NASA discovers ‘Mega-Earth’

A massive planet twice the size and 17 times the mass of Earth has been announced by scientists at NASA.
05 June 2014


A massive planet twice the size and 17 times the mass of Earth has been announced by scientists at NASA.

Kepler-10c is a planet discovered by Kepler, a space telescope launched by NASA, as part of its mission to discover new worlds similar to Earth.

It is around twice the size of the Earth, but new research published this week in Arxiv has shown it is heavier than anyone thought possible.

Weighing in at around 17 times heavier than the earth, Kepler-10c is composed of dense, solid material.

Planets of this magnitude usually have such intense gravitational pulls that a cloud of gas develops around them during formation, causing them to reach great sizes.

This is common to all the giants in our own solar system, such as Neptune or Saturn. Kepler-10c weighs the same as Neptune, but is about half the diameter, but it does not have this same gassy envelope.

Previously it was unheard of for a planet of this size to be composed entirely of rocky material.

Kepler-10c is located over 500 light-years away, in the Draco constellation.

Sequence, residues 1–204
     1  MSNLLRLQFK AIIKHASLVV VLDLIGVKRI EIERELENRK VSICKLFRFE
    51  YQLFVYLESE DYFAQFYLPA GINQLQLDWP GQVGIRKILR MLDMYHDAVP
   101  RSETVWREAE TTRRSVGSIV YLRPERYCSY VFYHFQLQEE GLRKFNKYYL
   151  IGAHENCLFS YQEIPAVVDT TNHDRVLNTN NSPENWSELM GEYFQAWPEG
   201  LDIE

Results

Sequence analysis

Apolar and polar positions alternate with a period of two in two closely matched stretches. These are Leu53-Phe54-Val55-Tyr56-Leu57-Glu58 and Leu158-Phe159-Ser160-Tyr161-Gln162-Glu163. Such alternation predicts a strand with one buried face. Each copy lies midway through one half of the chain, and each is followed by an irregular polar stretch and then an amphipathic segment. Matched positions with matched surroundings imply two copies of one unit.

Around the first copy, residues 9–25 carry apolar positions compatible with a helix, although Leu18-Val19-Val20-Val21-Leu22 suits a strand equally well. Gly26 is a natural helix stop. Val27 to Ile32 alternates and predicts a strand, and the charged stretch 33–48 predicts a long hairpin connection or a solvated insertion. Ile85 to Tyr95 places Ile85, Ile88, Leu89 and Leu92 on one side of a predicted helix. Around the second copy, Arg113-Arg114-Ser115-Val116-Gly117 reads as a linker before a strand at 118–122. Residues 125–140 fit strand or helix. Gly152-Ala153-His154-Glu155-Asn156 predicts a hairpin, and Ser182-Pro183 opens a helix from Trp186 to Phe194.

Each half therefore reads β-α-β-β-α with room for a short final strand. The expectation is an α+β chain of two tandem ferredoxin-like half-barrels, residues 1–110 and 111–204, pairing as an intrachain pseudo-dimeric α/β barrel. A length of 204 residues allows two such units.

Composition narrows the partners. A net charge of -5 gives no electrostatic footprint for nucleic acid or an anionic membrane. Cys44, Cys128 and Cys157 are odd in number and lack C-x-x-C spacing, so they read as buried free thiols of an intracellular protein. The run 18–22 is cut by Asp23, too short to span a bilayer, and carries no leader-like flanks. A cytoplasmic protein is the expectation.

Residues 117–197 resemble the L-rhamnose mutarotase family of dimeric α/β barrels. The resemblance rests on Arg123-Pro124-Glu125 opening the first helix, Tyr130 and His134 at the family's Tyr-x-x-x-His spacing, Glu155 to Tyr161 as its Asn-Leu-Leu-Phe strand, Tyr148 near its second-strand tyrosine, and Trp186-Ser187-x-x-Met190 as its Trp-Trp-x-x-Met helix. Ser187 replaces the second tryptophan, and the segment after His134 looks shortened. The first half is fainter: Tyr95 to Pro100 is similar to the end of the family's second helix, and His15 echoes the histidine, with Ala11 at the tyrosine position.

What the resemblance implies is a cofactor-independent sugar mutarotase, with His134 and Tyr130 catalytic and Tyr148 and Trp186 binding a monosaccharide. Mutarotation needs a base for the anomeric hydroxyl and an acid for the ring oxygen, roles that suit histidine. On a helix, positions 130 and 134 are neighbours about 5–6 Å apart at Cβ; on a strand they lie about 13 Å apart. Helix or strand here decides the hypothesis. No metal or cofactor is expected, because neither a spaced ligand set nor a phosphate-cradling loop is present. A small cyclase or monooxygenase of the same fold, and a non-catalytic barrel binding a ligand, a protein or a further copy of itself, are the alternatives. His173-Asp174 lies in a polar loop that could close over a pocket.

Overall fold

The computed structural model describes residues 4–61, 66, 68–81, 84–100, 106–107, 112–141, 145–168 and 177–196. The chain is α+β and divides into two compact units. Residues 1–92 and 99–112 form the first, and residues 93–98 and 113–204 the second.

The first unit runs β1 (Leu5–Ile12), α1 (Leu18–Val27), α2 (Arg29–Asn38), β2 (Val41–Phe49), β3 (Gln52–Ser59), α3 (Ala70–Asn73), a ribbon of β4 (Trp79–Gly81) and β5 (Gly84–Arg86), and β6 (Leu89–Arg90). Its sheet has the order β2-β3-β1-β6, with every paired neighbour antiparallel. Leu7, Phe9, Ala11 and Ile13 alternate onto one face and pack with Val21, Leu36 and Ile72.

Astronomers were able to get an idea of its size through observing the dimming of the star it orbits when the planet passes in front. Scientists have now been able to establish the mass of the planet using an approach called the radial velocity technique.

Dr Nikku Madhusudhan, a lecturer at the Institute of Astronomy at the University of Cambridge, who was not involved in the study, explains:

"They were basically looking at the "wobble" of the host star that is caused by the gravitational tug from the planets in the system; so by looking at the wobble of star itself one can figure out the masses of the various planets in the system".

Kepler-10c is remarkable not only for its size, but its age. The star it orbits is 11 billion years old, meaning it formed just a few billion years after the Big Bang. This puts the dense giant at over double the Earth's age, another record breaker for a rocky planet. This could impact our search for extra terrestrial life, as Madhusudhan continues:

"This tells us that rocky terrestrial planets out there could be really old, much older than the earth. This puts a limit, if there was life at some point in the Universe, on how far back this life could have begun on planets like this."

Kepler-10c itself isn't a candidate for alien inhabitants, likely being too large and too hot to sustain life, but it reveals that life out there could have begun long before the Earth even formed.

Kepler-10c Giant Earth Interview - Madhu Madhusudhan


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